The Point, May 24, 2021: Gainesville Embarks On Entire Month Of Celebrating Juneteenth


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Today’s top Florida stories

• WUFT News: Journey To Juneteenth: Black History Celebrated For More Than One Month In Gainesville. “Juneteenth is known as ‘the oldest nationally celebrated commemoration of the ending of slavery in the United States.’ The Juneteenth flag itself has special meaning. The bursting star in the middle represents the end of slavery in the U.S., the curved line represents new horizons, and the red, white and blue reminds how slaves and their descendants are American citizens.”

• Florida Politics: Gainesville City Commission tests Gov. DeSantis’ vaccine passport ban. “Thursday at a Gainesville city commission meeting, attendees were told if they did not wear a mask at the meeting, they must show proof of vaccination. The City provided masks to attendees. Gov. DeSantis, in a written statement, said, ‘The City of Gainesville should immediately cease to impose such discriminative policies upon individuals.'”

• NPR News: Once Nearly Extinct, The Florida Panther Is Making A Comeback. “Still, serious risks remain. In the past few weeks alone, two more endangered animals were killed after being struck by vehicles. Those deaths highlight a problem — as well as a success story for the cat the Cherokee once called ‘Lord of the forest.'”

• Florida Storms: Record Heat Possible In Florida This Week“Very dry air in the atmosphere will transfer to the ground each afternoon, so the dew point and relative humidity will be far below mid-summer norms for Florida. Little rain is forecast through next week, but most of the state remains drought-free thanks to generous rain in April.”

• Fresh Take Florida: Fired Pandemic Data Manager, Fierce Critic Of Florida’s Governor Decides Not To Run For Congress. “Rebekah Jones, the former Florida health department employee who filed a whistleblower complaint accusing political leaders of firing her in a dispute over the state’s pandemic numbers, has decided not to run for Congress next year, she said.”

• Palm Coast Observer: With another hurricane season looming, Flagler considers legal action against final dune holdout“…(Flagler) County Attorney Al Hadeed asked for and was given approval by the County Commission to take necessary legal action — meaning eminent domain — to obtain the final 50-foot strip of property from a holdout who is blocking a miles-long federal dune restoration project. Hadeed also received permission to use eminent twice in past on the project.”

• Miami Herald ($): Meet the new Miami: A series of self-sustaining, interconnected villages. “Not so long ago, Miami-Dade was a story of east — the sprawling Beach — and a mainland of undifferentiated suburbs, centered by a central business district that shut down at 5 p.m. Today the county increasingly is coalescing around a series of urban villages or centers — compact, pedestrian-friendly places where people can live, shop or dine out, even work or go to school, with few or mercifully short trips by car.”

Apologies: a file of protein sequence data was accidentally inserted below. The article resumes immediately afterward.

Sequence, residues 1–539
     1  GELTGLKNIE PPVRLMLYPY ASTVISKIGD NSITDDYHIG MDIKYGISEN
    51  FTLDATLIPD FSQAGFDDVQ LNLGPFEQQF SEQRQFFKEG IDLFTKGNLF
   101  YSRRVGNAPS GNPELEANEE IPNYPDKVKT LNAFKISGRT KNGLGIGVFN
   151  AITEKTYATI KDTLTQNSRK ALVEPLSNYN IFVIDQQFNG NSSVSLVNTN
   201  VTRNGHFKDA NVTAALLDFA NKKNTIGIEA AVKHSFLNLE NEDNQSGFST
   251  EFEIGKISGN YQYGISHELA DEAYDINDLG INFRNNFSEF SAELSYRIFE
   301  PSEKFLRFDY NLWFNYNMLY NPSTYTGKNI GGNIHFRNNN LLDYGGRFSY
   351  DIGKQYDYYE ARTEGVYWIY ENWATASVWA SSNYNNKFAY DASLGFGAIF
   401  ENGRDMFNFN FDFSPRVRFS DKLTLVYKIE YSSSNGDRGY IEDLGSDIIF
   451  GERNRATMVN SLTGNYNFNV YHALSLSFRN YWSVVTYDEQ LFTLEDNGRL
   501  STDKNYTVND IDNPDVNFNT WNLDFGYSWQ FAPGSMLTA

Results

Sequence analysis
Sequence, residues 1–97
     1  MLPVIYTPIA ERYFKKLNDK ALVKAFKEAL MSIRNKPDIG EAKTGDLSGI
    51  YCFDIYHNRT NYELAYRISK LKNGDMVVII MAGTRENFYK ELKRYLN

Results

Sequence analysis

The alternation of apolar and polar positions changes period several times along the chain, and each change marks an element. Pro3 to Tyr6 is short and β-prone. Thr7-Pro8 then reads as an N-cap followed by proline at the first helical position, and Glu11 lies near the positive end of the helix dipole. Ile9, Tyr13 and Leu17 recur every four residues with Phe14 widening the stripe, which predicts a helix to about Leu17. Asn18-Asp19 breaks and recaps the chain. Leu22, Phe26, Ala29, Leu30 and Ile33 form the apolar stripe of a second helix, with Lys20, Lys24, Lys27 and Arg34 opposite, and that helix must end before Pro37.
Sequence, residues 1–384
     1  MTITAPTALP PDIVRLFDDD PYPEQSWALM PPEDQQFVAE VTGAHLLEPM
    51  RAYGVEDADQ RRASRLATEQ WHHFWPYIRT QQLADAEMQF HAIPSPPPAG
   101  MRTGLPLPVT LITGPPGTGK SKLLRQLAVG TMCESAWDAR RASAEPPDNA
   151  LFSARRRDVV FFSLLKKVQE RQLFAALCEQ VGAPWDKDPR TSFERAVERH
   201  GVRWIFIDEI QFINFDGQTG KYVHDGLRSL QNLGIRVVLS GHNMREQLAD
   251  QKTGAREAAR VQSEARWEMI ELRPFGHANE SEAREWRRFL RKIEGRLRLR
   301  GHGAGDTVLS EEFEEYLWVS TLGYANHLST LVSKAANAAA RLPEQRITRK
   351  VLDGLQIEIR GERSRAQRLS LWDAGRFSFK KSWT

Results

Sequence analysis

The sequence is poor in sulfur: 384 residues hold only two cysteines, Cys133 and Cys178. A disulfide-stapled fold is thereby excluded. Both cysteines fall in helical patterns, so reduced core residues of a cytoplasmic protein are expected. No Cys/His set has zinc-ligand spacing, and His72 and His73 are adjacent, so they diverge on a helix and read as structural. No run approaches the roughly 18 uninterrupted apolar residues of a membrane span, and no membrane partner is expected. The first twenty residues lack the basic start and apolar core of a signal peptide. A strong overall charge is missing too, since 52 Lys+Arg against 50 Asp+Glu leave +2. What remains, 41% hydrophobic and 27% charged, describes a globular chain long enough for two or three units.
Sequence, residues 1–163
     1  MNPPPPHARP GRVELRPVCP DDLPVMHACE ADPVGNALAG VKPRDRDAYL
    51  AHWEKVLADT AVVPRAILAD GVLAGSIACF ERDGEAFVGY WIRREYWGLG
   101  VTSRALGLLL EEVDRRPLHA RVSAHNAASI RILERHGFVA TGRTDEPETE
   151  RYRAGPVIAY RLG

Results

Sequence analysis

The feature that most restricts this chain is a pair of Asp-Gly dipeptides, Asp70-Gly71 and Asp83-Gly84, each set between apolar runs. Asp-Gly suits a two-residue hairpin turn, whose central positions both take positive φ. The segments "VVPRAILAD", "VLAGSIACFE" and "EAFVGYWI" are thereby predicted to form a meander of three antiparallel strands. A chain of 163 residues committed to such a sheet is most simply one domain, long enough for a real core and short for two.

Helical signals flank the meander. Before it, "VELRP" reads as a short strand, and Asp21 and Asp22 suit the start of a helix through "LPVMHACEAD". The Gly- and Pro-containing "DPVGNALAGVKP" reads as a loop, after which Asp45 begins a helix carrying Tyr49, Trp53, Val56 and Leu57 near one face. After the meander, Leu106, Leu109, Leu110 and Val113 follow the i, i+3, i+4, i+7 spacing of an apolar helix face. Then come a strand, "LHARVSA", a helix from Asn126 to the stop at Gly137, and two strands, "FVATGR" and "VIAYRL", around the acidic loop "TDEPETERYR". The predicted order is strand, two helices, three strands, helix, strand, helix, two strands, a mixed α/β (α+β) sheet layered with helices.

• Pensacola News Journal ($): Gov. Ron DeSantis signs $200 million Florida sales tax holiday bill in Pensacola. “The new law sets dates for three separate sales tax holidays for this summer for hurricane preparedness, back to school and a new sales tax holiday Florida leaders have dubbed ‘Freedom Week.'”

• Fort Myers News-Press ($): Florida’s big lake starts to dry out as rainy season gets off to slow start. “Lake Okeechobee has finally gone down. The liquid heart of the Everglades was within a few inches of historic averages this past week at just over 13 feet above sea level, and releases to the Caloosahatchee River were lowered Friday to 1,500 cubic feet per second.”

• WMFE: Sentinel Guild Vows To Keep Searching For Local Buyer For Newspaper“Shareholders at the (Orlando) Sentinel’s parent company Tribune Publishing voted on Friday to approve the sale of the newspaper chain to Alden Global Capital. The hedge fund is known for buying newspapers and cutting budgets to boost profits.”

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From NPR News

• Health: Restaurants Are Welcoming Back Diners, But Say Mask Rules Have Them Relying On Trust

• Health: How The Biden White House Learned To Drop The Masks And Stop Worrying

• Health: Coronavirus FAQ: I Had COVID. Should I Get The Vaccine?

• Books: We’ve Been Evolving For Millions Of Years, So Why Are Our Bodies So Flawed?

• Books: Checking In With Black Bookstores Nearly A Year After 2020’s Book Boom On Racism

• Science: Skepticism Of Science In A Pandemic Isn’t New. It Helped Fuel The AIDS Crisis

• Science: How Your Hot Showers And Toilet Flushes Can Help the Climate

• National: Idaho Is Waging A War On Its Wolves

• Business: Internet Explorer, The Love-To-Hate-It Web Browser, Will Die Next Year

About today’s curator

I’m Ethan Magoc, a news editor at WUFT. Originally from Pennsylvania, I’ve found a home telling Florida stories. I’m part of a team searching each morning for local and state stories that are important to you; please send feedback about today’s edition or ideas for stories we may have missed to

About WUFT News

Contact WUFT News by calling 352-392-6397 or emailing news

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